Trimming a German Shepherd's Coat?
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Thread: Trimming a German Shepherd's Coat?

  1. #1
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    Trimming a German Shepherd's Coat?

    Hello All,

    I've heard mixed feelings on trimming the coat on my medium haired german shepherd. I find that with regular brushing his coat is not THAT bad, but I have been contimplating trimming his coat lately.

    One of the groomers at the local PetSmart told me it's not a good idea to trim a German Shepherd's coat because it will come back thicker and not as natural as it is now.

    After searching for other forums on this subject, I saw some mixed feelings and no reference to the after effect on the coat.

    Let me know what all of you think.


    Thanks!

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    Senior Member FourIsCompany's Avatar
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    Re: Trimming a German Shepherd's Coat?

    A dog with a double coat (such as a GSD) should not be trimmed or cut unless absolutely necessary. It might come back thicker, but it might come back altogether different. It's hard to tell. I wouldn't trim a GSD's coat at all.

    Why would you want to trim him?
    You can train people, honest; It's just harder than it is with dogs.
    ~Patricia McConnell The Other End of the Leash

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    Senior Member Tankstar's Avatar
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    Re: Trimming a German Shepherd's Coat?

    A dog with a double coat should never ever be shaved. unless there is a medical reason too. But you say trim. So do you mean just trim up some hair 9feathers, belly, legs ect) or a full shave down?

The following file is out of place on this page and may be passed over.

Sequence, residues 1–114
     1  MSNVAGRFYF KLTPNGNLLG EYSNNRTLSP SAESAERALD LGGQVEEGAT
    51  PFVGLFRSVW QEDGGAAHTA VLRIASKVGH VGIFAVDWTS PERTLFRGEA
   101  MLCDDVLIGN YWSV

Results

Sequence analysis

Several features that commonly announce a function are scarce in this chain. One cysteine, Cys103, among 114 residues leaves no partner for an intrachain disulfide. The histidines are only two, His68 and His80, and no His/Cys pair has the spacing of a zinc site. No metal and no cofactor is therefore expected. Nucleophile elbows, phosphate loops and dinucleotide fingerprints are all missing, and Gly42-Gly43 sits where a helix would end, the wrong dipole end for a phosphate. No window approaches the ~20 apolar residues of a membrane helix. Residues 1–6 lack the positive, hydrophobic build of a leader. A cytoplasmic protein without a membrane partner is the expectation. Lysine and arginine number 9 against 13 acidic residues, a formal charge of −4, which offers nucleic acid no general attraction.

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    Re: Trimming a German Shepherd's Coat?

    I would never shave a GSD, the coat doesn't always come back right and sometimes it grows back uneven.

    I would see if they offer a shedless type package instead. It should include a good brushout with a deshedding rake or like the furminator as well as a shampoo/conditioning to release the dead undercoat and then another brushout after.

    Some places also use a HV dryer to get the undercoat out. The best time to work on getting the undercoat loose is in the tub. The warm water helps to release all that undercoat. You could even buy something called a "zoom groom" and brush the dog while the dog is in warm water. You'll be amazed at how much coat loosens up.

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    Senior Member GroovyGroomer777's Avatar
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    Re: Trimming a German Shepherd's Coat?

    If the coat doesn't grow back, or grows back funny, it possibly means that there is an underlying heath issue (such as thyroid).

    I've always found that on a healthy dog they grow back completely normal. That's just my experience, there are many different opinions on the subject.

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    Senior Member Pit_Bull_Lady's Avatar
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    Re: Trimming a German Shepherd's Coat?

    I agree with GroovyGroomer.

    Over the years I have shaved down quite a few GSDs , huskies, malamutes, samoyeds, etc.
    Most of them had to be clipped down because of severe matting, and all of their coats seemed to have grown back normally.

    Before my sheltie passed away, I used to give her a lion clip during the summer months, because it just gets so darn hot here in the summer.

    She really seemed a lot more comfortable, and her coat always grew back normally by the time it started getting cooler outside.
    "When the man waked up he said, "What is Wild Dog doing here?"
    And the woman said, "His name is not Wild Dog anymore, but the First Friend, because he will be our friend, for always and always and always."

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    Re: Trimming a German Shepherd's Coat?

    yeah, you will find a lot of mixed information on this issue. honestly, i dont think there is a "right" answer, as in scientifically proven. but, ill tell you what i think, and what i think makes sense.

    first off, you do need to get your termnology right, b/c trimming and shaving are 2 different things. shaving is what you do to matted dogs, with a #7 or #10 blade. trimming (on a dog like a gsd), would be trimming the back feathers, the feet, pads, and a sanitary.